"Where have you been, you young monkey?" said Mrs. Joe, stamping her foot. "Tell me directly what you've been doing to wear me away with fret and fright and worrit, or I'd have you out of that corner if you was fifty Pips, and he was five hundred Gargerys."

"I have only been to the churchyard," said I, from my stool, crying and rubbing myself.

"Churchyard!" repeated my sister. "If it warn't for me you'd have been to the churchyard long ago, and stayed there. Who brought you up by hand?"

"You did," said I.

"And why did I do it, I should like to know?" exclaimed my sister.

I whimpered, "I don't know."

"I don't!" said my sister. "I'd never do it again! I know that. I may truly say I've never had this apron of mine off since born you were. It's bad enough to be a blacksmith's wife (and him a Gargery) without being your mother."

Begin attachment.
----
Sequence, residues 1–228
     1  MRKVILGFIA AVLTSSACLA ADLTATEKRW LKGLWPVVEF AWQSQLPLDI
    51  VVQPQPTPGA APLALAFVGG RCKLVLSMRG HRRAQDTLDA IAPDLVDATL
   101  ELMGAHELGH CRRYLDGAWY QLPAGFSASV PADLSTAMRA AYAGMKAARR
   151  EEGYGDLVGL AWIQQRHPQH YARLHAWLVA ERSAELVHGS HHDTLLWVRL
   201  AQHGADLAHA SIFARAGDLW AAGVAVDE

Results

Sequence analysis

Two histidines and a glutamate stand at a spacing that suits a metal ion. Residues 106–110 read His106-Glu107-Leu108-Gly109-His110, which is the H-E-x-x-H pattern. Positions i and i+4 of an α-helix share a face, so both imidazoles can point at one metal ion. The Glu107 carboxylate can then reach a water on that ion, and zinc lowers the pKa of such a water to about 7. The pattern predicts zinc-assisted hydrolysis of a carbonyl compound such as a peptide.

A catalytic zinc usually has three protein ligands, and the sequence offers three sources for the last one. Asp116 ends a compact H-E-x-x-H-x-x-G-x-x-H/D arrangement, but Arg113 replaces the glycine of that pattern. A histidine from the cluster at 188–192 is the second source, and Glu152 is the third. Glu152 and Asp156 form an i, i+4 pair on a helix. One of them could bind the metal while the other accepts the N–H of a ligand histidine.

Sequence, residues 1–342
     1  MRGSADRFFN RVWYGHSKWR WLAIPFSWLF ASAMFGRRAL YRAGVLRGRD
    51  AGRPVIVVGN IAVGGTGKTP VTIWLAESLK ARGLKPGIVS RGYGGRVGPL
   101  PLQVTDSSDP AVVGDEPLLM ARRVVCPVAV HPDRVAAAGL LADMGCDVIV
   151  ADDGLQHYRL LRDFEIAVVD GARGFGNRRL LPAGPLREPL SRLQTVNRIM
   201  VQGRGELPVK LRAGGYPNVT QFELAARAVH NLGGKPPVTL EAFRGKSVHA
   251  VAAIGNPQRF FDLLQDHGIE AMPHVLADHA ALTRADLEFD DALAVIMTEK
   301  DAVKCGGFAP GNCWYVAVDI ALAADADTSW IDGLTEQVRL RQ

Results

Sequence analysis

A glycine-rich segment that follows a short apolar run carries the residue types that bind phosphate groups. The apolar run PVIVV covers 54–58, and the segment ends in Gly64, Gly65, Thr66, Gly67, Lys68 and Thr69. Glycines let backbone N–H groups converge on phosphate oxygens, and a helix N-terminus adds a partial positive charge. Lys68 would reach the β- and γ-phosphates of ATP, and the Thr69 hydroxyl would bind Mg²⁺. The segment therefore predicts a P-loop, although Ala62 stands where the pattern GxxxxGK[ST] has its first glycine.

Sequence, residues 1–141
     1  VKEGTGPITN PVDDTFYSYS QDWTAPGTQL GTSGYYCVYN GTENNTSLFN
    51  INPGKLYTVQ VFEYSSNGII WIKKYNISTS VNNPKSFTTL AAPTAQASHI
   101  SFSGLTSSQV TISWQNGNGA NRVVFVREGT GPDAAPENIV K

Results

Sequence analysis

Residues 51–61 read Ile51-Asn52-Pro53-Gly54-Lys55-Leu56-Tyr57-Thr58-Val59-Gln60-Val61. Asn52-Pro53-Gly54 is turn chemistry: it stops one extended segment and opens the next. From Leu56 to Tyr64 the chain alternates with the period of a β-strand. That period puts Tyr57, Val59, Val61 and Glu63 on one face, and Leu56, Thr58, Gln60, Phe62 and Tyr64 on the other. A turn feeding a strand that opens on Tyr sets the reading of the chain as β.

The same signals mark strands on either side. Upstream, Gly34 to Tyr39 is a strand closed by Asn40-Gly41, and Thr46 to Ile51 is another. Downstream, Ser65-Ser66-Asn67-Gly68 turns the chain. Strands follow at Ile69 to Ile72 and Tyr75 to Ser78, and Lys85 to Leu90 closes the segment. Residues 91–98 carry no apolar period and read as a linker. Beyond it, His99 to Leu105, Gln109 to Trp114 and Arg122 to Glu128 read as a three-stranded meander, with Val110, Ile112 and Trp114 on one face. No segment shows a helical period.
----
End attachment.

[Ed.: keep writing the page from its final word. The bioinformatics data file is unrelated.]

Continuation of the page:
My thoughts strayed from that question as I looked disconsolately at the fire. For the fugitive out on the marshes with the ironed leg, the mysterious young man, the file, the food, and the dreadful pledge I was under to commit a larceny on those sheltering premises, rose before me in the avenging coals.

"Hah!" said Mrs. Joe, restoring Tickler to his station. "Churchyard, indeed! You may well say churchyard, you two." One of us, by the by, had not said it at all. "You'll drive me to the churchyard betwixt you, one of these days, and O, a pr-r-recious pair you'd be without me!"